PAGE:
US House votes to block clean water rule as Flint scandal grows
Representatives approved a resolution back by the Senate in November that blocks the Environmental Protection Agency’s "waters of the United States" (WOTUS) rule.
The regulation protects streams and wetlands used in local water supplies, but failed after a deluge of lobbying from corporations including Halliburton, Shell, and Tyson foods.
President Obama is expected to veto the bill to protect the rule, at the same time as he considers a request from Michigan Governor Rick Snyder to declare a state of emergency.
Frustrated residents have called for the Republican governor’s resignation after high levels of deadly lead were found in Flint’s drinking water.
The city switched its supply in April 2014 from Lake Huron to the Flint River in an effort to save $19 million.
Michigan health officials are investigating whether outbreaks of Legionnaires’ disease in the area are connected to the lead levels. Ten deaths have already occurred in the area since switching sources.
One child was found to have a blood lead level of 6.4 micrograms per deciliter (mcg/dl), well above the lead poisoning threshold of 5 mcg/dl.
The presence of lead has been attributed to the corrosion of pipes from the river, desperately in need of modernization.
In his statement to Obama, Snyder requests “federal aid in the form of Individual Assistance and Public Assistance to help eligible residents and state and local government entities to protect the health, safety and welfare of Flint residents.”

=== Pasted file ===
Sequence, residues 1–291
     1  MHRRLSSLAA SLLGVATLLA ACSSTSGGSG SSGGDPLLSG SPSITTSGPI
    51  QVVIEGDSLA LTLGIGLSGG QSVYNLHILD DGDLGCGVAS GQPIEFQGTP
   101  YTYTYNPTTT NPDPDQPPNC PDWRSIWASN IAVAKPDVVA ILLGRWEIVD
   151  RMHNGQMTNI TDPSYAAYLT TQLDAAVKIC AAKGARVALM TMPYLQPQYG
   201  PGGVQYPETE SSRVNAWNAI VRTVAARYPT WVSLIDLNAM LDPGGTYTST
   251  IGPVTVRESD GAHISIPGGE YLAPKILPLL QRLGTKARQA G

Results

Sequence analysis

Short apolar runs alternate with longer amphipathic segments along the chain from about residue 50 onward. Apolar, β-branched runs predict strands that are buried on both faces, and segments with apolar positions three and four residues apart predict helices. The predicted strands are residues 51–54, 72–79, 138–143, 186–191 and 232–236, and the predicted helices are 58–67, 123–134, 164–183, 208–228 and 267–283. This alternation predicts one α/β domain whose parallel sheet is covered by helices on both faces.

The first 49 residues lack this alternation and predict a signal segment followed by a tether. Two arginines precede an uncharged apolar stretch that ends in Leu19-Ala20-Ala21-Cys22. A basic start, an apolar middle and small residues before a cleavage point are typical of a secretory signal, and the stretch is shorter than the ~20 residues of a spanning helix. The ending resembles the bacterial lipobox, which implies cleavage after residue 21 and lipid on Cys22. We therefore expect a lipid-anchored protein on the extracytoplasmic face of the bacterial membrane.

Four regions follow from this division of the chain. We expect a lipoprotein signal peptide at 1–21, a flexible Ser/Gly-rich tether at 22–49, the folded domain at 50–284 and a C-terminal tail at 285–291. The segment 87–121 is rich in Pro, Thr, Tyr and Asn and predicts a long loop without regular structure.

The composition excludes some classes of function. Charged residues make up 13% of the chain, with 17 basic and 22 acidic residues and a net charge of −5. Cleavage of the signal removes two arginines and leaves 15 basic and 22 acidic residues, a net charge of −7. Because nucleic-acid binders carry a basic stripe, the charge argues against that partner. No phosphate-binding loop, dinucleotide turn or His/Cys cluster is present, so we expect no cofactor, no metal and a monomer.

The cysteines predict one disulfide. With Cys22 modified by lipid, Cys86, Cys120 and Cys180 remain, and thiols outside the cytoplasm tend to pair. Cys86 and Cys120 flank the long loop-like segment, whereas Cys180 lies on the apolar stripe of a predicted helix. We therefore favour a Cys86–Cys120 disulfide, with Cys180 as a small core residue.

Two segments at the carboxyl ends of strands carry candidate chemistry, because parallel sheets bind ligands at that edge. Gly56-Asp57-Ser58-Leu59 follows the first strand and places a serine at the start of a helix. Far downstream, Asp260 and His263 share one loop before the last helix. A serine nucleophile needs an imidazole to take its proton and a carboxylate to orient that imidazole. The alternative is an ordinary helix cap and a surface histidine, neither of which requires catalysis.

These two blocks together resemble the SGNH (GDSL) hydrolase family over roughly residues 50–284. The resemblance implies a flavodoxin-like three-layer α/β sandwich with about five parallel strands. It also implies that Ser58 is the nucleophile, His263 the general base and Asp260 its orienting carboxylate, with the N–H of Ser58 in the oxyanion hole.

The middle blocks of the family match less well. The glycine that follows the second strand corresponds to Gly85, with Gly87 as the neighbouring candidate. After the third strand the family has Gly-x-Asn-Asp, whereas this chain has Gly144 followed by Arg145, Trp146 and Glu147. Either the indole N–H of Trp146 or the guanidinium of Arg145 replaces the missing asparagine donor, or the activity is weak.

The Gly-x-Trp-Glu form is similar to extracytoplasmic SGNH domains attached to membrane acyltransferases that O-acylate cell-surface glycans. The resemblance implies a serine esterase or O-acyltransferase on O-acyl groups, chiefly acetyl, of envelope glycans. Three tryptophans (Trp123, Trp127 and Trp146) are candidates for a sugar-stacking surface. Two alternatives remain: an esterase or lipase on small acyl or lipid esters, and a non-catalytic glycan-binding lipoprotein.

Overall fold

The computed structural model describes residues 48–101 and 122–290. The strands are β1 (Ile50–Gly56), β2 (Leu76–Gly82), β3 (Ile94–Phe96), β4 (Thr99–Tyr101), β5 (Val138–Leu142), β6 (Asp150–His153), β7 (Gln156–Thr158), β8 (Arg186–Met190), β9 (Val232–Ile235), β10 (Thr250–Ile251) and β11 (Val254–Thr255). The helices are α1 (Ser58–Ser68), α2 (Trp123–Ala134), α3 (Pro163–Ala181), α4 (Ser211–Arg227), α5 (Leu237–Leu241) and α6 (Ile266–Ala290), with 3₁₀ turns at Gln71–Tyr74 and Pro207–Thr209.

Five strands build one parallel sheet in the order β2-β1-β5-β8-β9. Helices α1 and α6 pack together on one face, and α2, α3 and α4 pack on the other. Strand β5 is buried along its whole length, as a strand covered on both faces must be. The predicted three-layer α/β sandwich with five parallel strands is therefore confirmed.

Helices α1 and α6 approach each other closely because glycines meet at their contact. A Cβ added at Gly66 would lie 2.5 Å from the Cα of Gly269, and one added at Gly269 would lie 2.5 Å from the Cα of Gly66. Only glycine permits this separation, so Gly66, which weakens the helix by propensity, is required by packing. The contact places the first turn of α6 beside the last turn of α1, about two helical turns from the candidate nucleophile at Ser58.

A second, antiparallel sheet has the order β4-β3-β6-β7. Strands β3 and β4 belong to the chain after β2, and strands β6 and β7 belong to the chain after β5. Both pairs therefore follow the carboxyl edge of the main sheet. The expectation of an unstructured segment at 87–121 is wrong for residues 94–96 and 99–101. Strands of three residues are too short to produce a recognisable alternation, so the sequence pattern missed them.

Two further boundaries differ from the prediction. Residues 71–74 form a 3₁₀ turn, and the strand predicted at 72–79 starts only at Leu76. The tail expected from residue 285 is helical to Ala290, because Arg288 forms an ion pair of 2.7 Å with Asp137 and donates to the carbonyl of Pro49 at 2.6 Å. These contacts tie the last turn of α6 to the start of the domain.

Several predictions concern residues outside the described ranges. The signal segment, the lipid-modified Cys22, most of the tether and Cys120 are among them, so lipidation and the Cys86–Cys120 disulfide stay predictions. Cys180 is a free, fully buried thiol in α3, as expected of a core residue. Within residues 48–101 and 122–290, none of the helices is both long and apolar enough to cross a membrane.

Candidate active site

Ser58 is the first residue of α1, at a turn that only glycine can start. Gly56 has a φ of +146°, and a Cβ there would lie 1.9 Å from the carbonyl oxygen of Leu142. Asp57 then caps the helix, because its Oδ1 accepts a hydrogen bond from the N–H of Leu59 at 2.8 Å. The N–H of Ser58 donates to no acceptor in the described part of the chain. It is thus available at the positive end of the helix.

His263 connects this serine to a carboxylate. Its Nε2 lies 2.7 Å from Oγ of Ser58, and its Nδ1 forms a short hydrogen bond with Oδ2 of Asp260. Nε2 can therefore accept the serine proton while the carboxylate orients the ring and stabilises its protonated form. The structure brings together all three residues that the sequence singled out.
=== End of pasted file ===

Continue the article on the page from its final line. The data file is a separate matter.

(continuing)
President Obama will review the request before any decision is made.
Residents protested Snyder’s slow response, gathering Thursday at the Michigan state Capitol building to call for his resignation.
The governor had received early warnings that the city’s water was poisoned, but failed to implement any real action until January 5.
Since the change of water supply in April 2014, residents have had to contend with dirty brown tap water unsuitable for drinking. Most have been forced to boil water or switch to bottled water.
Despite the concerns of residents in the weeks following the switch, then-Flint Mayor Dayne Walling, a former Rhodes scholar, insisted it was a “safe product” and that “people are wasting their precious money buying bottled water.”
Walling lost to Karen Weaver in his bid for re-election in November, a result which saw her become the city’s first female mayor.
Four months after the switch of supplies, residents were officially issued a boil notice after fecal bacteria was found in the supply.
General Motors, a major Flint employer featured in Michael Moore’s groundbreaking documentary Roger & Me, announced they would no longer use the water due to corrosion concerns.
But it was not until October 2015 that officials declared a public health emergency telling residents not to drink the water without an approved filter due to lead contamination.
Snyder responded to the emergency by investing $1 million in water filters for the city to reduce the lead, followed shortly by an announcement that they would reconnect to the original Lake Huron water supply.
Adults have already reported high-blood pressure and even blindness due to the lead, but it can take years for certain problems to manifest in children, particularly learning disabilities and cognitive impairments.